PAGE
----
6. Launcher. I will launch my rocket from a launch rod, tower, or rail that is pointed to within 30
degrees of the vertical to ensure that the rocket flies nearly straight up, and I will use a blast
deflector to prevent the motor's exhaust from hitting the ground. To prevent accidental eye
injury, I will place launchers so that the end of the launch rod is above eye level or will cap the
end of the rod when it is not in use.
7. Size. My model rocket will not weigh more than 1,500 grams (53 ounces) at liftoff and will not
contain more than 125 grams (4.4 ounces) of propellant or 320 N-sec (71.9 pound-seconds) of total
impulse. If my model rocket weighs more than one pound (453 grams) at liftoff or has more than
four ounces (113 grams) of propellant, I will check and comply with Federal Aviation
Administration regulations before flying.
8. Flight Safety. I will not launch my rocket at targets, into clouds, or near airplanes, and will not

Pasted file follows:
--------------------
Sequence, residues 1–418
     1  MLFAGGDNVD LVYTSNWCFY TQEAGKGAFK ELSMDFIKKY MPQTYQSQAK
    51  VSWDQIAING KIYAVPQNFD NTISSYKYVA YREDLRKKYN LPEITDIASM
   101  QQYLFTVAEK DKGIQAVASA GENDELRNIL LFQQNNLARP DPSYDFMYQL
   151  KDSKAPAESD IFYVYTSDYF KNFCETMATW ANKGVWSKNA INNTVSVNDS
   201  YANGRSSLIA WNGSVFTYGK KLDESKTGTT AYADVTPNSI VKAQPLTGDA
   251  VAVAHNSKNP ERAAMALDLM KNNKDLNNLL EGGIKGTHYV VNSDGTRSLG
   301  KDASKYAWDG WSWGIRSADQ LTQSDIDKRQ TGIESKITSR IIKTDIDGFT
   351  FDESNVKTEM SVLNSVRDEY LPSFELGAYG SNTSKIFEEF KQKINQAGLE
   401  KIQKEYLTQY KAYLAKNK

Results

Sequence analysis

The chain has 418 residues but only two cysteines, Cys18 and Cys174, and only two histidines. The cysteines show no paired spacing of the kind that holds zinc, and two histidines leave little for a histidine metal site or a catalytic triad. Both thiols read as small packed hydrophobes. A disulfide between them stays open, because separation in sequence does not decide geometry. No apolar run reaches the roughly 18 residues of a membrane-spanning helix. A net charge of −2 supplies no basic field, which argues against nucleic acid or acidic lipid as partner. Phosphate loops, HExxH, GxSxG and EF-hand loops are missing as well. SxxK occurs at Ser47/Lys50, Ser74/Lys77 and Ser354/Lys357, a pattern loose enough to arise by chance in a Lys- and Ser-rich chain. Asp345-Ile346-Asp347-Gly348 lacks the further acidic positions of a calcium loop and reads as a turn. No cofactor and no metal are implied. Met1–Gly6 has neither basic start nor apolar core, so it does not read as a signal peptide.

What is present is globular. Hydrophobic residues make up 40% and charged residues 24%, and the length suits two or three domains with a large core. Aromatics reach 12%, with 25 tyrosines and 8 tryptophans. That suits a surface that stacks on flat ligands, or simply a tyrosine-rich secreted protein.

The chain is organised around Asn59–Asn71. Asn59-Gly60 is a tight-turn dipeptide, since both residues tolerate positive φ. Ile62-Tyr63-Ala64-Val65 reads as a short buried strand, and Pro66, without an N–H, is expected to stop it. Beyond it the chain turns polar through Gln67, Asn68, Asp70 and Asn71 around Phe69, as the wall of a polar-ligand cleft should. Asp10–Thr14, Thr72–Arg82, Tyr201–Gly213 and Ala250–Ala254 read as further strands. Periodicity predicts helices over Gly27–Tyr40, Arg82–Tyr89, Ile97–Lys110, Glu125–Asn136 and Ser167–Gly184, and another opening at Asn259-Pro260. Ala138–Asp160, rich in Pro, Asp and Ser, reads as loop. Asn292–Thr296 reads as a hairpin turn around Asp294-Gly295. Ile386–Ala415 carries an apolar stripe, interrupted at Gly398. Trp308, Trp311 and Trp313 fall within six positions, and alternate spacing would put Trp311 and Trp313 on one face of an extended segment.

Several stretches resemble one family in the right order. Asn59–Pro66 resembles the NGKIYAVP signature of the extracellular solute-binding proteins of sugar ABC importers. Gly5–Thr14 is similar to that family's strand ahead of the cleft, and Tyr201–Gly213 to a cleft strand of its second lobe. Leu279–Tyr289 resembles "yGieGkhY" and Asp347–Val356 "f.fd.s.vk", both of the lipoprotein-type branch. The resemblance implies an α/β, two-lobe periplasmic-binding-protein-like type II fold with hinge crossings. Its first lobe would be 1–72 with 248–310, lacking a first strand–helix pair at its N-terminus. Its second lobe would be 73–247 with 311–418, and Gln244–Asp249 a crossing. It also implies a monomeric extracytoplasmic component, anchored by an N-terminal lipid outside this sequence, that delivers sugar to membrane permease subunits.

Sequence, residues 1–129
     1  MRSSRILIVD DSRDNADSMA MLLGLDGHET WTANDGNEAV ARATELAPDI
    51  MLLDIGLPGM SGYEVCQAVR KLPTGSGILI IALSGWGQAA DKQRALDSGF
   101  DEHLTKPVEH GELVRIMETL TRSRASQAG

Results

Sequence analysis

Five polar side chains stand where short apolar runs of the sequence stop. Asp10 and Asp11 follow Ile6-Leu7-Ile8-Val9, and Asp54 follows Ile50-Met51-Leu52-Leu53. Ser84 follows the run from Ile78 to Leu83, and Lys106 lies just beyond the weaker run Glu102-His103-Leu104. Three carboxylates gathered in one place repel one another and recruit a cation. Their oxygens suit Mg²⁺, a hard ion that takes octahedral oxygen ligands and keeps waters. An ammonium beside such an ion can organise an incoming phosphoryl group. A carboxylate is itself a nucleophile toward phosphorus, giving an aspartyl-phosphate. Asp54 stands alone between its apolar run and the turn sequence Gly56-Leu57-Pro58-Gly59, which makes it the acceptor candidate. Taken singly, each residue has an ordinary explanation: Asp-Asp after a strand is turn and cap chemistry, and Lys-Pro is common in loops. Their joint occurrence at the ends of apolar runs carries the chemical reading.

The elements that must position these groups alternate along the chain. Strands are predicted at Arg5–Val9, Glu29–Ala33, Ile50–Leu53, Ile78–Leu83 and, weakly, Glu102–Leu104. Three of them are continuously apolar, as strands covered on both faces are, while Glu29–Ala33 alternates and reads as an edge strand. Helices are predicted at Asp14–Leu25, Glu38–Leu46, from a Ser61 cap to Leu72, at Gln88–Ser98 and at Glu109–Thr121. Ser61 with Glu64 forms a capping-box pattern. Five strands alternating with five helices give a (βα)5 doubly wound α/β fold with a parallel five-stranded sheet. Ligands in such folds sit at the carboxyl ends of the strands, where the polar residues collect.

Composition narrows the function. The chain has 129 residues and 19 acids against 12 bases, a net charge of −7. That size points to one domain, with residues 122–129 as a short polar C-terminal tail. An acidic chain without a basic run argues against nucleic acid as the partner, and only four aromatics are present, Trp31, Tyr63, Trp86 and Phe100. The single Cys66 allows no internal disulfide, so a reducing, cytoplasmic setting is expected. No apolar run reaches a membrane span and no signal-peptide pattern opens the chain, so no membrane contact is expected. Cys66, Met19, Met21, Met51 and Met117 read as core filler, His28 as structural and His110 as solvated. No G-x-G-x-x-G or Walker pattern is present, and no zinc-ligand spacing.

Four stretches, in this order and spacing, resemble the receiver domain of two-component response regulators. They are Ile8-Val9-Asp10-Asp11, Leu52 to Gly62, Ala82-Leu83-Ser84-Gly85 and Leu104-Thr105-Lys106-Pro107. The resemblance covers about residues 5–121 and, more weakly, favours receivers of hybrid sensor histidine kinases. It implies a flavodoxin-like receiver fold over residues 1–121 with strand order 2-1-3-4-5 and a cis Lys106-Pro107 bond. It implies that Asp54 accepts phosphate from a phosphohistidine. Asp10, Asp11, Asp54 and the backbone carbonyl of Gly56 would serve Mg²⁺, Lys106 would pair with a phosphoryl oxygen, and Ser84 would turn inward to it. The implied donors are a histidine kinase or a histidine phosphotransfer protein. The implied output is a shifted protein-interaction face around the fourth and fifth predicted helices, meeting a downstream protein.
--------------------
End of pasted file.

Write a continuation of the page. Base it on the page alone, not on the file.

put any flammable or explosive payload in my rocket.
9. Launch Site. I will launch my rocket outdoors, in an open area at least as large as shown in the
accompanying table, and in safe weather conditions with wind speeds no greater than 20 miles per
hour. I will ensure that there is no dry grass close to the launch pad, and that the launch site does
not present risk of grass fires.
10. Recovery System. I will use a recovery system such as a streamer or parachute in my rocket so
that it returns safely and undamaged and can be flown again, and I will use only flame-resistant
or fireproof recovery system wadding in my rocket.
11. Recovery Safety. I will not attempt to recover my rocket from power lines, tall trees, or other
dangerous places.

Basics of Rocketry 41
Model Rocketry Safety Code (cont)

LAUNCH SITE DIMENSION TABLE